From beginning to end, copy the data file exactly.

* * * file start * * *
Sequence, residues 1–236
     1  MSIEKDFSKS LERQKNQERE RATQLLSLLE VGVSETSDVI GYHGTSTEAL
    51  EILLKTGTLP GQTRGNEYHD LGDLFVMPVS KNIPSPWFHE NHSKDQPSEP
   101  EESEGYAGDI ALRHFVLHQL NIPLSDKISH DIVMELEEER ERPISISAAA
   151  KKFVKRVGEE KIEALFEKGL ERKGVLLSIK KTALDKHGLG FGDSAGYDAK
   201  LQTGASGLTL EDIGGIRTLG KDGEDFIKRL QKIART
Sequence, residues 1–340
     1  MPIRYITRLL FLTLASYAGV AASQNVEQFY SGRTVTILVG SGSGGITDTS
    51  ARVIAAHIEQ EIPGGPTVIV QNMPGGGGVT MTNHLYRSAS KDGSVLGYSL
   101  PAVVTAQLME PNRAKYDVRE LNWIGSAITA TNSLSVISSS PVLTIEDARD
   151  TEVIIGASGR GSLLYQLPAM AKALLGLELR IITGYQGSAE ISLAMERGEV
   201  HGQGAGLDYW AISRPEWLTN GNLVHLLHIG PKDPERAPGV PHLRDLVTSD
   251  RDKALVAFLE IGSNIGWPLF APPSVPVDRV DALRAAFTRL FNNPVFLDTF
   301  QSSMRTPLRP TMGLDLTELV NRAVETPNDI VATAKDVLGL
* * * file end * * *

Sequence, residues 1–236
     1  MSIEKDFSKS LERQKNQERE RATQLLSLLE VGVSETSDVI GYHGTSTEAL
    51  EILLKTGTLP GQTRGNEYHD LGDLFVMPVS KNIPSPWFHE NHSKDQPSEP
   101  EESEGYAGDI ALRHFVLHQL NIPLSDKISH DIVMELEEER ERPISISAAA
   151  KKFVKRVGEE KIEALFEKGL ERKGVLLSIK KTALDKHGLG FGDSAGYDAK
   201  LQTGASGLTL EDIGGIRTLG KDGEDFIKRL QKIART
Sequence, residues 1–340
     1  MPIRYITRLL FLTLASYAGV AASQNVEQFY SGRTVTILVG SGSGGITDTS
    51  ARVIAAHIEQ EIPGGPTVIV QNMPGGGGVT MTNHLYRSAS KDGSVLGYSL
   101  PAVVTAQLME PNRAKYDVRE LNWIGSAITA TNSLSVISSS PVLTIEDARD
   151  TEVIIGASGR GSLLYQLPAM AKALLGLELR IITGYQGSAE ISLAMERGEV
   201  HGQGAGLDYW AISRPEWLTN GNLVHLLHIG PKDPERAPGV PHLRDLVTSD
   251  RDKALVAFLE IGSNIGWPLF APPSVPVDRV DALRAAFTRL FNNPVFLDTF
   301  QSSMRTPLRP TMGLDLTELV NRAVETPNDI VATAKDVLGL